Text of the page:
SAN ANTONIO - Between Black Friday and Cyber Monday lies the sometimes forgotten Small Business Saturday. Local business owners said it’s more important then ever, as local businesses compete with big online retailers in order to remain open.
Adrian Heart has worked at Hog Wild Records for eight years. The record store off North Main Street has been open since 1982. Heart said he believes customers keep coming back, even while the shop competes with the giant online world, because of the experience.
“The experience of finding a record they have never heard before,” Heart said. “Looking for different music and they know they have a rapport with us.”
It’s not just local brick-and-mortars that are fighting to stay open, but businesses that sell their homegrown products the old fashioned way— from stands at the Pearl Farmers Market.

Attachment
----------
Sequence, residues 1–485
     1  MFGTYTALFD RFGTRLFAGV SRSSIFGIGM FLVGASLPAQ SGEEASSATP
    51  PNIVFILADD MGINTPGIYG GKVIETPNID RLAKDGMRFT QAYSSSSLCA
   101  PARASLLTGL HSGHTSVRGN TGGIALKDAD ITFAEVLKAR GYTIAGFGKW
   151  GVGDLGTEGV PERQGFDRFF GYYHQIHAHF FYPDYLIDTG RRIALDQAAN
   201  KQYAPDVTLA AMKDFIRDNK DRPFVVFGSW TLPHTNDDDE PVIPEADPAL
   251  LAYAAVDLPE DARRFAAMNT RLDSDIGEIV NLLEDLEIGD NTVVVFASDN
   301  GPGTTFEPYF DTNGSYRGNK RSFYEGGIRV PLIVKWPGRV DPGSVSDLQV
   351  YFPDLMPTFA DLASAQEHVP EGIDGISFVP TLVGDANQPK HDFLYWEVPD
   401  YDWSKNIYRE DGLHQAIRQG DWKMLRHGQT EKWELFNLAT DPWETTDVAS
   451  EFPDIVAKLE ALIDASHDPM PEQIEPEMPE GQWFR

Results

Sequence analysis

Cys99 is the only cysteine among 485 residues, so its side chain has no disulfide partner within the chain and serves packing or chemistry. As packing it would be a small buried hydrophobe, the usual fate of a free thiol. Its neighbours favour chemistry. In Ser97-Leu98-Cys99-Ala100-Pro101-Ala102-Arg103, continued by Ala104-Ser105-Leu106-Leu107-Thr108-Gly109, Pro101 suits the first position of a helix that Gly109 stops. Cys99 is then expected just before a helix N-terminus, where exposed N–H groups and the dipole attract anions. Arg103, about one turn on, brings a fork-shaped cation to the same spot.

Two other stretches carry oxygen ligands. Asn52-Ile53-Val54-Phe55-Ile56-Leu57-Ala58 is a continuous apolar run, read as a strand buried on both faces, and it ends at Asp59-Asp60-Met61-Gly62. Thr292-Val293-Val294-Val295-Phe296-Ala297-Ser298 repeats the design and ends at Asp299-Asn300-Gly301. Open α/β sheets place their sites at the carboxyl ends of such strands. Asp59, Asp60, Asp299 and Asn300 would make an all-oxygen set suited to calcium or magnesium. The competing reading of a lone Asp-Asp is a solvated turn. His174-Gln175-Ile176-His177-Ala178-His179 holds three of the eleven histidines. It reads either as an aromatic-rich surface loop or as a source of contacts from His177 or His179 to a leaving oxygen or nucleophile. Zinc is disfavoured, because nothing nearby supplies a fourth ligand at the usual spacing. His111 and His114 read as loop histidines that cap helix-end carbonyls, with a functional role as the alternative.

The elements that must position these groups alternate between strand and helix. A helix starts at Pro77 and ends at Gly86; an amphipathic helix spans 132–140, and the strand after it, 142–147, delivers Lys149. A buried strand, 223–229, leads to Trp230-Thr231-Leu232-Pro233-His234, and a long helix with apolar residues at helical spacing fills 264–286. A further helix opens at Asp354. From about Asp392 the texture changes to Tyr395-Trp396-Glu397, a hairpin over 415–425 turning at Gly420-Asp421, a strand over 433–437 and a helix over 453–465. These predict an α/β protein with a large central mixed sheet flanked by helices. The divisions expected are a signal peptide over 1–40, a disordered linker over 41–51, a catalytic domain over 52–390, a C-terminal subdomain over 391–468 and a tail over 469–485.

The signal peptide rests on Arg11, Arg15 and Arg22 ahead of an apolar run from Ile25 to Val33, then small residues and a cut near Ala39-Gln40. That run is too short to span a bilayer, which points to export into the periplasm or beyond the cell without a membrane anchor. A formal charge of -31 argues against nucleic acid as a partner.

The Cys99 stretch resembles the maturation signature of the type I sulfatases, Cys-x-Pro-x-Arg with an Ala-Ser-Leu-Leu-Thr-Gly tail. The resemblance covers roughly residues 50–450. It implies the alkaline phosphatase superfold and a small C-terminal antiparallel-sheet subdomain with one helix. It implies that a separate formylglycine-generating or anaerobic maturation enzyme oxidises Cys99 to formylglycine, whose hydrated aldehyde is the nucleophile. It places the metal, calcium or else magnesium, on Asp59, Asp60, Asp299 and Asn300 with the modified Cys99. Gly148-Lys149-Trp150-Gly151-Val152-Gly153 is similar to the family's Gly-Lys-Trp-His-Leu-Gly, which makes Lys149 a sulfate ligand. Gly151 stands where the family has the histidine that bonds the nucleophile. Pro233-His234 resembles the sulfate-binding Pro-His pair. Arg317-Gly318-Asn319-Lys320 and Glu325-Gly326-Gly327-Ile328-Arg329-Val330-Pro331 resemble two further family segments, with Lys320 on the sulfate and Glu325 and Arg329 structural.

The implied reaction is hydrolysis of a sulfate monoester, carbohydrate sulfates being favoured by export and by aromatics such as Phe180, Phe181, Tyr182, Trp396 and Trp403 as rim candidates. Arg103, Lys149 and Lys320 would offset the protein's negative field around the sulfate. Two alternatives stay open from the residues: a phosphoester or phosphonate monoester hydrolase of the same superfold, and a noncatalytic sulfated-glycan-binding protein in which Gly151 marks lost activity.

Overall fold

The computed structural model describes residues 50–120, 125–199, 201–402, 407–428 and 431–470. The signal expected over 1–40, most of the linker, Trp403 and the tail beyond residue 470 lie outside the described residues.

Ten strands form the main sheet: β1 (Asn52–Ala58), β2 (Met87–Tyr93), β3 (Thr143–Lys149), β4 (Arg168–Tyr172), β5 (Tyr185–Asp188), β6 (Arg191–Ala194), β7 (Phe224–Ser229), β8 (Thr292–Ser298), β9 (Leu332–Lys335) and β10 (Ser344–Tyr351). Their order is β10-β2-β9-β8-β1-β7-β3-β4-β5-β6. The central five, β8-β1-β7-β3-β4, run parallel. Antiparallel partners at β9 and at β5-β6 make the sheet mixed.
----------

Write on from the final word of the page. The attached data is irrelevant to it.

David Holdman started selling honey from his bee farm in Seguin to one day send his three boys to college.
“$30,000 a year for Texas A&M,” Holman said. “You know, it’s just normal college— to get a bachelors' degree. That’s what we are trying to do.”
Cristian Castillon sells strawberry wine made in Poteet. He said sometimes it’s not just people buying from them -- showing up to physically support helps them keep going.
“I feel like we really need to show up instead of just staying home and clicking buttons," Castillon said. "Coming out here, showing your support, even if you don’t purchase anything -- (it) helps out a lot.”
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